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Russian diplomat says it's unclear why criminals become lawmakers in Ukraine

April 23, 2015, 18:44 UTC+3 MOSCOW

Many radicals now hold state positions in Kiev

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Dmytro Yarosh and Right Sector activists

Dmytro Yarosh and Right Sector activists

© ITAR-TASS/Zurab Javakhadze

MOSCOW, April 23. /TASS/. It is unclear why criminals become Verkhovna Rada deputies in Ukraine, and leader of the Right Sector extremist organization banned in Russia Dmytro Yarosh was even appointed Ukrainian President Petro Poroshenko’s advisor, Russian Foreign Ministry’s Commissioner for Human Rights, Democracy and Supremacy of Law Konstantin Dolgov said on Thursday.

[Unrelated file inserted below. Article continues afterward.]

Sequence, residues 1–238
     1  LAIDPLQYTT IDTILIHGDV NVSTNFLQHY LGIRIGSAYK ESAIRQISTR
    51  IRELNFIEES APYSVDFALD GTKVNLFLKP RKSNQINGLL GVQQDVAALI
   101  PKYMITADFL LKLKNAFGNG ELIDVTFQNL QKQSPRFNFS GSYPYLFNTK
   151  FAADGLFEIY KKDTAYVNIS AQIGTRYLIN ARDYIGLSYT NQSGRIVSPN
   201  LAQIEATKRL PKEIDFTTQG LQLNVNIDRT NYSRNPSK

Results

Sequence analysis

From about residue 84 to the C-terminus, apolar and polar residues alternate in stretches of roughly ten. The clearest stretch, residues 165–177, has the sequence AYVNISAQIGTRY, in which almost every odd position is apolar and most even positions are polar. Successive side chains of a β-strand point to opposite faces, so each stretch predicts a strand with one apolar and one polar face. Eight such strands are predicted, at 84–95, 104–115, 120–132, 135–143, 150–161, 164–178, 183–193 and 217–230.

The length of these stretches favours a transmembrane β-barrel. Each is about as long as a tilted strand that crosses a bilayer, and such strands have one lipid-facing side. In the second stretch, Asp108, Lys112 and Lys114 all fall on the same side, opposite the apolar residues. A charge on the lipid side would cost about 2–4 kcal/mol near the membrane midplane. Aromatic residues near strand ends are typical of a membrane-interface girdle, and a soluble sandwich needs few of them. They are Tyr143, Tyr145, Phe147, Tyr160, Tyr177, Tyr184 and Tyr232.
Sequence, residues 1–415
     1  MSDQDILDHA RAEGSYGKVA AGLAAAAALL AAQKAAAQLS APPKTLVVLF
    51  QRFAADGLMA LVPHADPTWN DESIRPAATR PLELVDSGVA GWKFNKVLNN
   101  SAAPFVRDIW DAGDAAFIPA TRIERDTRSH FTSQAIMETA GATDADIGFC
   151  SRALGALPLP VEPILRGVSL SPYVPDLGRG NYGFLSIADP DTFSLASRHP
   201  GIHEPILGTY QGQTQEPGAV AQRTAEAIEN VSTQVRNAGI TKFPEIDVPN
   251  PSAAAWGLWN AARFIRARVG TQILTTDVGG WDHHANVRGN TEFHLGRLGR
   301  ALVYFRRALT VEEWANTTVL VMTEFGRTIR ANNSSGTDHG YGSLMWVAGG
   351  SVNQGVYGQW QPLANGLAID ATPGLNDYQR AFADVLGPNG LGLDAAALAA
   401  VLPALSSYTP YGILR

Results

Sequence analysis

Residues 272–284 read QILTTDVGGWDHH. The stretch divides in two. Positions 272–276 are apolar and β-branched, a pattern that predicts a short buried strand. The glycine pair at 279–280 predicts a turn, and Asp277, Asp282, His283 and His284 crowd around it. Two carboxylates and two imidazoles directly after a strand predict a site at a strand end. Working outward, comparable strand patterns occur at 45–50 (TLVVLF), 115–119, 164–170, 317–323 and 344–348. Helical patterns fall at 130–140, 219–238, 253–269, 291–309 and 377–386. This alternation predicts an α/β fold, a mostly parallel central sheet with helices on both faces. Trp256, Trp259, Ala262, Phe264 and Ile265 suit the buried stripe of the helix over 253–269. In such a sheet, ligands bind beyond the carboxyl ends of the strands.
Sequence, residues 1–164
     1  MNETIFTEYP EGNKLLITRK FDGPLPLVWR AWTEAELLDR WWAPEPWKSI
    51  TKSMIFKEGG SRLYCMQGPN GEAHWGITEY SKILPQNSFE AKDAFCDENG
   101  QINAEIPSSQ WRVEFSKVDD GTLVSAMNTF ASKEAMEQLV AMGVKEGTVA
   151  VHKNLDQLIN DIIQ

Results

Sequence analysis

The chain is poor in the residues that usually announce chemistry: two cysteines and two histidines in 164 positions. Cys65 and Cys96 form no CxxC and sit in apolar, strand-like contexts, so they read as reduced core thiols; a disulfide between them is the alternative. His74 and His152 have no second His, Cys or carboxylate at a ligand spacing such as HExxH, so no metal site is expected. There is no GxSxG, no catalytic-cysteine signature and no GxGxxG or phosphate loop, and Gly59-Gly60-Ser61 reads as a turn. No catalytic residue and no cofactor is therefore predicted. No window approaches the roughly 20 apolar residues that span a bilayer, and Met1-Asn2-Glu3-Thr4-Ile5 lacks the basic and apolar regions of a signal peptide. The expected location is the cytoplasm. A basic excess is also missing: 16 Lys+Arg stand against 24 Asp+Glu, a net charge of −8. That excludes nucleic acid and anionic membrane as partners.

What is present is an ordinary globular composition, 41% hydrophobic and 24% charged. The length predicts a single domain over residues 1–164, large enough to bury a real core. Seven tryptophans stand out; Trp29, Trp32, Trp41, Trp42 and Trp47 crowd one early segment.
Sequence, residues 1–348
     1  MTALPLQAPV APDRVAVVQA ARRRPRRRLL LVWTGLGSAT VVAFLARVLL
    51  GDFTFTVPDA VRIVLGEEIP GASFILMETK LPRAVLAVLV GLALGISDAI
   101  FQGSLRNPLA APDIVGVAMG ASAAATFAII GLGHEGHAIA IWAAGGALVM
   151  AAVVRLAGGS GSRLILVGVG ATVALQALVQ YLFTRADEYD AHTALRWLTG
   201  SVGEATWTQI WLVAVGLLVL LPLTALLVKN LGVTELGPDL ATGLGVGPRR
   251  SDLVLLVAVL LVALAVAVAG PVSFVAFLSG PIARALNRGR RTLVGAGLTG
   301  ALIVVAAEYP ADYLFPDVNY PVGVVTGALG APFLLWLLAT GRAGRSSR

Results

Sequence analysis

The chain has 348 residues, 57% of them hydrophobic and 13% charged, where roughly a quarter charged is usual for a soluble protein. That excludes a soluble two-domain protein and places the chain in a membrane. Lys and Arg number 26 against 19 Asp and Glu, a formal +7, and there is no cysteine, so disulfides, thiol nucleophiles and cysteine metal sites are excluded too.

"Ukraine became training ground for nationalist radicals, extremists, neo-Nazis," Dolgov said. "Those people went from theory to practice - from demonstrating their misanthropic views that turned into killings of thousands of civilians in Ukraine’s south-east," he added.

Many radicals now hold state positions in Kiev. "Recently, Dmytro Yarosh, the leader of a clearly neo-Nazi organization [Right Sector] was appointed as the adviser to Ukraine’s Commander-in-Chief, that is President Petro Poroshenko," the diplomat said. "We can only guess what Yarosh can advise to Poroshenko," he reminded.

"There are also leaders of so-called ‘volunteer battalions’ who tarnished themselves with crimes in [Ukraine’s] south-east. They are now in the Verkhovna Rada," the commissioner said.

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